first macro action argument associated with the selected macro action. Figure 4 shows all the available choices for the Form Name argument associated with the OpenForm action. Because the selected argument is Form Name
, the names of all the forms included in the database are displayed in the drop-down list.
Figure 4. Available choices for Form Name argument.
the macro action argument requires entering a valid expression, you can
type the argument into the appropriate text box or get help from the
Expression Builder. Take a look at the Where Condition argument of the OpenForm
action, for example. After you click in the Where Condition text box,
an ellipsis appears. If you click the ellipsis, the Expression Builder
dialog box is invoked, as shown in Figure 5.
Figure 5. The Expression Builder dialog box enables you to easily add complex expressions to your macros.
build an appropriate expression, select a database object from the list
box on the left, and then select a specific element from the center and
right list boxes. Click OK to accept the element into the text box. In Figure 10.5,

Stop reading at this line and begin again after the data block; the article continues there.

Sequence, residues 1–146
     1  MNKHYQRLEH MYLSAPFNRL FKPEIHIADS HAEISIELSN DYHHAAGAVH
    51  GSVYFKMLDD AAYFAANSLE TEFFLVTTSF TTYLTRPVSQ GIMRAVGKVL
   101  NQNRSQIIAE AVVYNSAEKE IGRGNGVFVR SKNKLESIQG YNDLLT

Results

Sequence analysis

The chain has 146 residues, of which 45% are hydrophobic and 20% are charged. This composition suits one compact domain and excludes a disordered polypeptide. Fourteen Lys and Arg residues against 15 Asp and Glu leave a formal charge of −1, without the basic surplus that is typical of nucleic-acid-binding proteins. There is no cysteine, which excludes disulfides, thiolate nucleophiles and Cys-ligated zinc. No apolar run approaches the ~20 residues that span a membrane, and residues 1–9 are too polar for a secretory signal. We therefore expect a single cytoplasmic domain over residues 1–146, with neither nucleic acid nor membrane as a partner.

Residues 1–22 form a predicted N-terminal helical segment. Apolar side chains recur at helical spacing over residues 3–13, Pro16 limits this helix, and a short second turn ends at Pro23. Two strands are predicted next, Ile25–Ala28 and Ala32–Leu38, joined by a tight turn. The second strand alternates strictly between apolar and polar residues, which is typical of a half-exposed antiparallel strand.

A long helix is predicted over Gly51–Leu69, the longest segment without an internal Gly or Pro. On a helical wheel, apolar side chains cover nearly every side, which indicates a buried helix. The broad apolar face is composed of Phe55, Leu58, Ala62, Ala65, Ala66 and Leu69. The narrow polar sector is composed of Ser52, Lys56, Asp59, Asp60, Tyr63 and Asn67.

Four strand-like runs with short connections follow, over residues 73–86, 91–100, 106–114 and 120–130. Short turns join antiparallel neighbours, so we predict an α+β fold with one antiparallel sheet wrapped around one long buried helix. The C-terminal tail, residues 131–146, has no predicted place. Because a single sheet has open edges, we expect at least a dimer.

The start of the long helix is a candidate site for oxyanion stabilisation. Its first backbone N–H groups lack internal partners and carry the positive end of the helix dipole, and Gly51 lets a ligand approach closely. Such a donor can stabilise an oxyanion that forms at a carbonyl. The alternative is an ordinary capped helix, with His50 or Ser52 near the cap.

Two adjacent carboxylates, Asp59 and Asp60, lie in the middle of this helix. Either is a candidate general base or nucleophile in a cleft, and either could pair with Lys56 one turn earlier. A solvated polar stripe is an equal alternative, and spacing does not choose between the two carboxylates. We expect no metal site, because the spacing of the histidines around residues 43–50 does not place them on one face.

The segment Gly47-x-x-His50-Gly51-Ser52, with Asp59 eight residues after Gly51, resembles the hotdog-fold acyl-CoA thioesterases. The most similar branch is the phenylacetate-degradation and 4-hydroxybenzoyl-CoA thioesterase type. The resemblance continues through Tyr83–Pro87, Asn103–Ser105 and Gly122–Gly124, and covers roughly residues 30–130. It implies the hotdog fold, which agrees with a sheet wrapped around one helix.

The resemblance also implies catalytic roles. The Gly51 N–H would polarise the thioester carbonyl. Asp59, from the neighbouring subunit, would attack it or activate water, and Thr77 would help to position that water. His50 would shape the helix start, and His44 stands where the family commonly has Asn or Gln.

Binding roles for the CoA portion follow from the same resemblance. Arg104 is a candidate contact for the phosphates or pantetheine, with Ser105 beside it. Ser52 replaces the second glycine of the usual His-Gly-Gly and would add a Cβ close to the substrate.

the currently selected Expression Element is the Customer List form,
Expression Category is Job Title, and <value> has been
double-clicked to add the expression to the top half of the window. The
value of Owner is entered in quotes indicating that the Job Title of
each record displayed on the form must be Owner. Click OK to close the
Expression Builder. The completed expression appears as shown in Figure 6.
Figure 6. The completed expression for the Where argument of the OpenForm action.
that each macro action has different macro action arguments. Some of
the arguments associated with a particular macro action are required,
and others are optional. If you need help on a particular macro action
argument, click in the argument and Access provides a tooltip with a
short description of that argument. If you need more help, press F1 to
see Help for the macro action and all its arguments.